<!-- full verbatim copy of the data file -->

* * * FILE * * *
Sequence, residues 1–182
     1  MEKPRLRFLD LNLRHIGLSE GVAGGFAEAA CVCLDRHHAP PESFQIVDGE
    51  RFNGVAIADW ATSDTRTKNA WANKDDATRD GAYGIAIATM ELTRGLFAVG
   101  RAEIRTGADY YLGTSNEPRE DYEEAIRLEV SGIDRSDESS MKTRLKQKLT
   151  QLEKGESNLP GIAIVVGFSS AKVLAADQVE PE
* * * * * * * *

Sequence, residues 1–182
     1  MEKPRLRFLD LNLRHIGLSE GVAGGFAEAA CVCLDRHHAP PESFQIVDGE
    51  RFNGVAIADW ATSDTRTKNA WANKDDATRD GAYGIAIATM ELTRGLFAVG
   101  RAEIRTGADY YLGTSNEPRE DYEEAIRLEV SGIDRSDESS MKTRLKQKLT
   151  QLEKGESNLP GIAIVVGFSS AKVLAADQVE PE